Sociology of Deviance September 14 th(570)
Why do we study deviance?
⁃ Who makes rules? Who upholds order?
⁃ Who is labeled deviant?
The study of deviance is about social control.
1) The Vicarious Experience
- Living through someone else.
- Excitement, seeing the world through a deviant other
- Desire to step out of the box
- How has our culture made this a habit? The media, reality tv.
- Example, that one friend who is a little wild....
- However, it can distort our understanding of deviance, and focus on the one
in a million, the serial killers for example.
(Historically sociology focuses on the outsider example: prostitutes)
⁃ Deviance is not marginalized. It is not far away from the general
- Study to change policy.
- Make your community better
- Understand why bad things happen
-Study of deviance often comes from personal experience or personal pain. John
Walsh- hosts Americas most wanted because his son Adam was kidnapped and
⁃ Change people’s minds about what is deviant. Advocate for reform.
⁃ Taking away the deviant label from a group of people. Ex 80s
movement for HIV
⁃ Conflict that comes with social change... those people are often labeled
⁃ Change moral rhetoric, ex prohibition
⁃ There is usually someone who will gain from labeling something
3) Self protection and sophistication
- Makes people feel safer and smarter
- Read the book “the gift of fear” by Gavin Debecker - behavior analysis,
teaches people how to use instincts to survive
- Also can teach you to keep yourself safe as mentioned in previous book
- Learn some things are not as scary as we are told they are
- “Real” threat instead of moral panic
4) Understanding Oneself and Others
- Some people enjoy being deviant even once in a while, ex Halloween,
- Learn from others; make your own choices clearer
5) Intellectual Curiosity - Want to know why people do what they do
- Try to learn what happens behind the facade – When authorities want to
seem effective, they may hide evidence of deviance, but when they want to
justify new or greater controls, they may maximize or even invent deviance.
Deviants often develop camouflages to avoid detection, to make others afraid
of them, or to create social space in which they can operate undisturbed.
Such shadowy space becomes a setting for illusions and misunderstandings,
which are not easily corrected without extensive, controlled, and repeated
- Standpoint “Coined by Canadian sociologist Dorothy Smith” is everything
about you. Age, gender, culture, experience, religion. Ones standpoint depicts
how we interpret the world.
Academic Views of Deviance
⁃ Prior to the 1960s academics focused on “outsiders”, mental illness, drug
⁃ Because they were easy to access. They lacked power.
⁃ If you hold power in society, you are less likely to be affected by its rules.
⁃ Deviance for a long time was considered absolute. It was inherent in an
Study of Deviance: Objective/ Subjective Dichotomy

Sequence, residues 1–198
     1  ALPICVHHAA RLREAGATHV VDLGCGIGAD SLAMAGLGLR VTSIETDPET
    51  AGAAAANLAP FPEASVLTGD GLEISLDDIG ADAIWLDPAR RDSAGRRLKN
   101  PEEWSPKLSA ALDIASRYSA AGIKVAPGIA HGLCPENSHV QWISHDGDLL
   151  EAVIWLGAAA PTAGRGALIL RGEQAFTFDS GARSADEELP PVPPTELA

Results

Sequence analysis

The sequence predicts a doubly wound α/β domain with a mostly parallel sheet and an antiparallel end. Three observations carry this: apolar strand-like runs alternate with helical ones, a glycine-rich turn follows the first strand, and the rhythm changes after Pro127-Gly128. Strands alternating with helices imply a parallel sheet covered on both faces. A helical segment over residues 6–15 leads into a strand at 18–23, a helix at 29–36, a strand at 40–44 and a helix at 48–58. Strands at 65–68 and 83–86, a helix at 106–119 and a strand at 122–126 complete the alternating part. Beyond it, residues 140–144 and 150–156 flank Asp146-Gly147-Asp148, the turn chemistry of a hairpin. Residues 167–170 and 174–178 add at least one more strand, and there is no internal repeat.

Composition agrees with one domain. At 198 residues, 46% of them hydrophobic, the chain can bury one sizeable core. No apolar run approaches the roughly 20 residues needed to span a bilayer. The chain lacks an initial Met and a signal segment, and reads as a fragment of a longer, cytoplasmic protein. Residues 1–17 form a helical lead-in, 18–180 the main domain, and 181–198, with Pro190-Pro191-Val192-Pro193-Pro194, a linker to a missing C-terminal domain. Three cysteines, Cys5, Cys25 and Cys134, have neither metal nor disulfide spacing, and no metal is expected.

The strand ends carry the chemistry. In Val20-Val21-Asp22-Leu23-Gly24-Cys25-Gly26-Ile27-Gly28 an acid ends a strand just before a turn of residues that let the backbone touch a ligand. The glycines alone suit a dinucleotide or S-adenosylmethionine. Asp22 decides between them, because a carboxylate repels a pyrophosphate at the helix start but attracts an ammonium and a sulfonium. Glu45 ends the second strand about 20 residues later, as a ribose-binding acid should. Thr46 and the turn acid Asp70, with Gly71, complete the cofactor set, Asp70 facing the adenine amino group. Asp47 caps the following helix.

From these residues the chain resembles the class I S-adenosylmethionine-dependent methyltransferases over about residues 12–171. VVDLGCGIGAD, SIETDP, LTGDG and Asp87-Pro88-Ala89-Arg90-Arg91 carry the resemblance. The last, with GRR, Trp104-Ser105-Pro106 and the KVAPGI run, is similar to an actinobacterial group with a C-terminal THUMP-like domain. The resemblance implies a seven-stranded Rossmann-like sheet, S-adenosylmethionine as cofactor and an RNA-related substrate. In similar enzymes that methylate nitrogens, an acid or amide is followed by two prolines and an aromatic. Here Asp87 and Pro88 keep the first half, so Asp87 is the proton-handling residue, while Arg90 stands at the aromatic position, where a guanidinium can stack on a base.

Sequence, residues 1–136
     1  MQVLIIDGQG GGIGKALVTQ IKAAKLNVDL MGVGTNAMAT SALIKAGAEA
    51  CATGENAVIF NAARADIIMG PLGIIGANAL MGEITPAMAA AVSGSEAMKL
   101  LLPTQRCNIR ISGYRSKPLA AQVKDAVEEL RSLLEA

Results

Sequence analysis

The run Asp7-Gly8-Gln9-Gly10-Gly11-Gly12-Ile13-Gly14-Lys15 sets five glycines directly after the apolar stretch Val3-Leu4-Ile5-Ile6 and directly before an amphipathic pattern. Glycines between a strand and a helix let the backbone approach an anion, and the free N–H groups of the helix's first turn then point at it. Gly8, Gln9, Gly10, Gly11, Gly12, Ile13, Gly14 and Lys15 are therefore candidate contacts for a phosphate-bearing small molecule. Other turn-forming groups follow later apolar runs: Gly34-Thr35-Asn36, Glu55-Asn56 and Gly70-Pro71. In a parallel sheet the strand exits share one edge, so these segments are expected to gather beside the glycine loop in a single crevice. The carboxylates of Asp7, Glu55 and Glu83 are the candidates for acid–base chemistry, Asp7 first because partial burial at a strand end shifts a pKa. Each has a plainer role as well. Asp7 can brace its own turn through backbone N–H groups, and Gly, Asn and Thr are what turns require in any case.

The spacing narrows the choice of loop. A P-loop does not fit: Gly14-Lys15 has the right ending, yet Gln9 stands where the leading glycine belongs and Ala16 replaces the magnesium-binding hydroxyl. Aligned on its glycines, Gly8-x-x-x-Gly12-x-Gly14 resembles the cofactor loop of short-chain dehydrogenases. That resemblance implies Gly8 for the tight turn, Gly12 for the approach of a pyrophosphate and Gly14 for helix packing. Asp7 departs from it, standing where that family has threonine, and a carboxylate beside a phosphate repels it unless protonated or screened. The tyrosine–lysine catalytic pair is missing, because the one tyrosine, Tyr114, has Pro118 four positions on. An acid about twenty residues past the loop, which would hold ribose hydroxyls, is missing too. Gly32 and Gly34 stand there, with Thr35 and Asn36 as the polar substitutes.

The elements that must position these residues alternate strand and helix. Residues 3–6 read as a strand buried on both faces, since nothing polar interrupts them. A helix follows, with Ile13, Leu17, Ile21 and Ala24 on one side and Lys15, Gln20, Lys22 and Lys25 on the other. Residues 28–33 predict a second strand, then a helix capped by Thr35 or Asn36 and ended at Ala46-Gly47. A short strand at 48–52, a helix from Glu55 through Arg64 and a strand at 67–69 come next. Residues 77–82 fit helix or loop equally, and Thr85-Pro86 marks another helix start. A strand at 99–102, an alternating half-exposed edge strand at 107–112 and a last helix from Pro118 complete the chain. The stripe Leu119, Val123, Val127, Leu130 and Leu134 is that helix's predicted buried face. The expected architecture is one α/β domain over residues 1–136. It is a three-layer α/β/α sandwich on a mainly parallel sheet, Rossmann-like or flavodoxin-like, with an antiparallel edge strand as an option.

Objective Characteristics of Deviance
- Methods used to study the natural world can be used to study humans,
society (However, people are not the same as the natural world. Humans
have an Imagination)
- Value neutral social science (Deviant labels are never objective because
someone who has something to gain often makes them)
- Statistics think of Criminal stats
- Use methods of the social sciences
- Think of Criminal minds. The idea is that they can catch the criminal
because they can predict their behavior. Universal laws.
- Reality is out there to be discovered
- Associated with Positivism (explain, predict, control)
- Structural Functionalism
- Ignores human agency (ignores individuality)
- Assumes there is something inherent
- Scientific method, questionnaires
- The goal is to find something inherent in a person, behavior, or
characteristic that is necessarily deviant. Something is present in every case.
Most frequently citied as deviant definitions: 1. Statistical rarity not common in academia but is popular in everyday
language. If a behavior or characteristic is not typical, then it is deviant. Some
times it is not rare but it is hidden.
2. HarmfulnessIt is often supposed that deviance is distinctively harmful.
Physical and Emotional Harm are the easiest to demonstrate.
Functional Harm – harms the way a system works. Think Anarchy.
Ontological Harm – harm in the faith of a system, fear or chaos that comes
with challenging a system. Think about Galileo challenging the cycle of the
sun and the system of the church.
However, Harm does not distinguish deviance in 3 ways.
1) Harm can be exaggerated or fabricated ex reefer madness. 2)
Sometimes the greatest harm of deviance comes at the cost of its
suppression. Ex. Post 9/11 airport security and 1920s prohibition
(which just drove it underground)
3) Cost of prevention can be huge. Think security at the Olympics.
Many things labeled as deviant are less harmful than things not so labeled.
Think corporate crime.
3. Norm Violation Formal and Informal violation of norms (Folkways and
mores) constitutes deviance. On the surface this seems like a good way to
define deviance, except we violate norms everyday, we stray from the
conduct that is given tour social statuses.
4. Social Reaction Deviance is sometimes defined in terms of the social
response it evokes. For example if being cross-eyed produces negative
reactions from others, we could (a